Wednesday, February 3, 2016

Where the Wild Things (Guit)ar

Céleste Boursier-Mougenot, from here to ear. (Photo courtesy of the artist and Paula Cooper Gallery, New York.)

It feels counter-intuitive that in order to reach the aviary nested inside The Montreal Museum of Fine Arts you must descent several flights of stairs to end up in the basement. But this is where, even in the dead of winter, the birds sing and where they also play, but in ways you'd least expect.

The lower level gallery is aflutter with 70 zebra finches who alight on a forest of open-tuned electric guitars – 10 white Gibson Les Pauls and four Gibson Thunderbird basses – lying strings up on a series of stands erected at the four corners of the temperature-controlled MMFA Contemporary Art Space. Small and grey with tiny toothpick feet and triangular beaks the colour of persimmons, the birds fly on and off the musical instruments, triggering a chordal crescendo of wailing distortion that fluctuates in frequency and intensity in accordance to their perching patterns.

It's the kind of rock performance formerly made famous by plumed rock stars of the bipedal kind – Jimi Hendrix, Steve Lukather, Eddie Van Halen to name a few. But when executed by songbirds the notes fly higher and the permutations appear endless, despite the performers actually winging it. Their gentle touch produces a powerful reverb. Tweet, twang, thank-you ma'-am.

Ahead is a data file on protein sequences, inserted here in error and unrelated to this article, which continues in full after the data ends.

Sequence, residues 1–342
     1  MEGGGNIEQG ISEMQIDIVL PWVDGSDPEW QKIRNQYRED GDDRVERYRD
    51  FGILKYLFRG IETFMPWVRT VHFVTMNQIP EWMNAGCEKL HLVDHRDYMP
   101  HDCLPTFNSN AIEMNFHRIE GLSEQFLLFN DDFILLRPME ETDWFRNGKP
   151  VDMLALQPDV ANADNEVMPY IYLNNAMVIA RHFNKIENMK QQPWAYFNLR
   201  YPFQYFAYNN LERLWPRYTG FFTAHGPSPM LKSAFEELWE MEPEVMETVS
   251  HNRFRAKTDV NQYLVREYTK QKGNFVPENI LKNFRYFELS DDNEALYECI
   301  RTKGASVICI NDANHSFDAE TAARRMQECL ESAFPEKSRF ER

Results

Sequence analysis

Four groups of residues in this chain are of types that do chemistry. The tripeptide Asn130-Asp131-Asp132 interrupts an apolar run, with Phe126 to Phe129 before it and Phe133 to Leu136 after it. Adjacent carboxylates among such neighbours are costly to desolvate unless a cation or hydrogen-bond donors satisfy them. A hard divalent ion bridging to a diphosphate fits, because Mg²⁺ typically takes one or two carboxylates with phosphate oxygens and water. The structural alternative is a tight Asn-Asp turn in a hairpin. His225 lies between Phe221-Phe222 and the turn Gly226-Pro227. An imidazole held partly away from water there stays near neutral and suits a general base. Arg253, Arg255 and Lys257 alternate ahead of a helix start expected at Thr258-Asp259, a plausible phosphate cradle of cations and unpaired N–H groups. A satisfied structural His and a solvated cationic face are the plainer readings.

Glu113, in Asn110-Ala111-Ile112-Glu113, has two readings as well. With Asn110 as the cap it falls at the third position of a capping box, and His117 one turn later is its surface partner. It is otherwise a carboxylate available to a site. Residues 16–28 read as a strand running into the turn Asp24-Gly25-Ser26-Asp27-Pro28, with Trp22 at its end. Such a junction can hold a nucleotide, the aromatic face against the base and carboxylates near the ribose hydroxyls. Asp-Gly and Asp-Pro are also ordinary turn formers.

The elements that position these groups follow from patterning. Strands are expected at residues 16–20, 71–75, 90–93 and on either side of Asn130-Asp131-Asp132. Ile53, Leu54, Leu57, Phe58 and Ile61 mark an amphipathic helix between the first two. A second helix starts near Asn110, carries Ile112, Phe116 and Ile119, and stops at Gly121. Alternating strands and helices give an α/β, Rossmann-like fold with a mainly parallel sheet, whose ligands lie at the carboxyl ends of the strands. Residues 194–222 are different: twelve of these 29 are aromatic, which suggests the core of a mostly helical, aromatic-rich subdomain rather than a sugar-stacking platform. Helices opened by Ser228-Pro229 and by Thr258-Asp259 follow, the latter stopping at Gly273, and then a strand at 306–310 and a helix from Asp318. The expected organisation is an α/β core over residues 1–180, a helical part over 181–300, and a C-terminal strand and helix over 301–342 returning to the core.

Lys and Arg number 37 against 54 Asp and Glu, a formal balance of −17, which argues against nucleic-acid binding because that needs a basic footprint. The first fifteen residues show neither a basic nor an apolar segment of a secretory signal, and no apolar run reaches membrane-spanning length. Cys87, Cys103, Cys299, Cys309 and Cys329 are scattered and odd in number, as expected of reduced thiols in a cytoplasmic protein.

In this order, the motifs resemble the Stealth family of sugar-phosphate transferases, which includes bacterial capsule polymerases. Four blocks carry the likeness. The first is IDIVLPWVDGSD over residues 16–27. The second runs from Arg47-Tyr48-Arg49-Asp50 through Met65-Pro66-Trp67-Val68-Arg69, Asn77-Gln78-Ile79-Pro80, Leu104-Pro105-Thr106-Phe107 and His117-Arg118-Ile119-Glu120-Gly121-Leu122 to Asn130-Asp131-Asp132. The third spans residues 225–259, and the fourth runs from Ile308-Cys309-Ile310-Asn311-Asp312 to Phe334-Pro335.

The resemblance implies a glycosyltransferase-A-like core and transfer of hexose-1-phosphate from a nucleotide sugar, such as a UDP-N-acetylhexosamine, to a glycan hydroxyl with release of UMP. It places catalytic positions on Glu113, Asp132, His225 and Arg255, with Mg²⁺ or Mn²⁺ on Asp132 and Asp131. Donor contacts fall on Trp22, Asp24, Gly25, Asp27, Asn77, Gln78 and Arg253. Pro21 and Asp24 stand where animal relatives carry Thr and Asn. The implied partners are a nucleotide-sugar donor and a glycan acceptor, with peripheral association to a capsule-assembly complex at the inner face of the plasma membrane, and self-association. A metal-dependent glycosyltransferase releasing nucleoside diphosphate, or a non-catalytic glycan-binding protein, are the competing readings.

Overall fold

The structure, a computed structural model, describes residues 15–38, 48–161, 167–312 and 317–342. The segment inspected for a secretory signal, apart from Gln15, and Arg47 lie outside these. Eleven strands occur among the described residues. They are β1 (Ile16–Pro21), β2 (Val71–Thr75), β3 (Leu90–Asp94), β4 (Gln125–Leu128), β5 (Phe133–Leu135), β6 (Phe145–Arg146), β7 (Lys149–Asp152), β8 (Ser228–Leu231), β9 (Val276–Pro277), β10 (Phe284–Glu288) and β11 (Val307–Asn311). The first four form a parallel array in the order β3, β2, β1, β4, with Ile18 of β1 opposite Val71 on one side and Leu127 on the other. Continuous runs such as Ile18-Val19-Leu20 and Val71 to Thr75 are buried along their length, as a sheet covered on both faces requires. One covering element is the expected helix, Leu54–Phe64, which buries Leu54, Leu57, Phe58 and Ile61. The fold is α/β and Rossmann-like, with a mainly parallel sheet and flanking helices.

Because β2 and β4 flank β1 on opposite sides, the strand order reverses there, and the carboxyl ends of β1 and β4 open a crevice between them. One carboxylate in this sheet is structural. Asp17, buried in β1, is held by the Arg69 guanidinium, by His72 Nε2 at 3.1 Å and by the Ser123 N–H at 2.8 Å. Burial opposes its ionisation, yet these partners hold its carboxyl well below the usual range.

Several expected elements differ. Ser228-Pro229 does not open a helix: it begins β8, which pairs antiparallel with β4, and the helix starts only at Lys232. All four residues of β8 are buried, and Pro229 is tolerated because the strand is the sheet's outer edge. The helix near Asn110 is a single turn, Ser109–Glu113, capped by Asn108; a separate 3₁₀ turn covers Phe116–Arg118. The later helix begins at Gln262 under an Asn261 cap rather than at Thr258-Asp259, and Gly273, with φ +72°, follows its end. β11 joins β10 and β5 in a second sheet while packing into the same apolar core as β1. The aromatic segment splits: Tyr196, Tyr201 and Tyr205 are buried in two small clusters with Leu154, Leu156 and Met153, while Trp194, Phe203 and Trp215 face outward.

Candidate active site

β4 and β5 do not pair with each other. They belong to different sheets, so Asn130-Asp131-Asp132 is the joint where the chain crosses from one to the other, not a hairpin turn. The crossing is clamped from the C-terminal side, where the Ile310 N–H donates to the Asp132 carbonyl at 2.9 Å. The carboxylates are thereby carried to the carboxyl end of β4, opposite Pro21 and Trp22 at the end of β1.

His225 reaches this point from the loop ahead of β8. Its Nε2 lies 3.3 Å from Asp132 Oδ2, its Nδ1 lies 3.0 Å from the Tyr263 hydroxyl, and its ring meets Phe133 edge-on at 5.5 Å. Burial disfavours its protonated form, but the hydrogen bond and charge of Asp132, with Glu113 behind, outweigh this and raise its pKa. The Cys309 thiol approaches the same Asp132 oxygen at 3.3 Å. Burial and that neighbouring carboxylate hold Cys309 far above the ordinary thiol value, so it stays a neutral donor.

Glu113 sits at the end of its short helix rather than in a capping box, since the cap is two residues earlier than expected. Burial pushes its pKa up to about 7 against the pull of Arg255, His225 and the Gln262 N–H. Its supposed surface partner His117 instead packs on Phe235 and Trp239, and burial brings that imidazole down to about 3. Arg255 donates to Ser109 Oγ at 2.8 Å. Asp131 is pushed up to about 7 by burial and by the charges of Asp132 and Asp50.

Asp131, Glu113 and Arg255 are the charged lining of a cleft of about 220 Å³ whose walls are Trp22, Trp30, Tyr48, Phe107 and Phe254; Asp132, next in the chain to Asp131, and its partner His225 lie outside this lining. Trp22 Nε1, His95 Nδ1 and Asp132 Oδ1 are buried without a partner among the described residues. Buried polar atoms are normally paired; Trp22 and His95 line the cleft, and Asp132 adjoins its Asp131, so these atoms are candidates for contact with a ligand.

From here to ear, as this unique art-meets-nature installation is called, is the brainchild of French artist, composer and former punk rock musician Céleste Boursier-Mougenot, his country's representative at last year's Venice Biennial. Born in 1961 and specializing in acoustic exhibitions he calls living music, Boursier-Mougenot built this one on a childhood memory of watching birds sitting on overhead wires in his hometown of Nice. Also inspiring him was 20th century avant-garde music and performance and the role of technology in creating an immersive sonic experience. He wants to extend the capabilities of electrified instruments as much as he wants to show that music does not need a controlled setting in order to exist. First conceived in 1999, from here to ear has travelled to art museums in Paris, Milan, London, New York and Brisbane. Montreal is the 19th presentation, and the largest to date.

Photo: Justine Février/Montreal Museum of Fine Arts

At the museum through March 27, the Canadian premiere of from here to ear uses domesticated birds bred in Thetford Mines in rural Quebec. The mixed-age flock is split evenly down gender lines – an equal number of Chrissie Hyndes and Jimmy Pages, if you will. Except that the performers are more like actors than musicians. They have been trained to play a role in flying freely among humans, without fear or inhibition. To ensure they don't just fly right out the door – some are daring enough – a chain link curtain separates the performing space from the corridor beyond. Visitors to the exhibition must line up quietly first on the outside before entering a handful at a time. Everyone is warned not to move too suddenly in case they agitate the artists, and not to take pictures. The birds take it all quite in stride.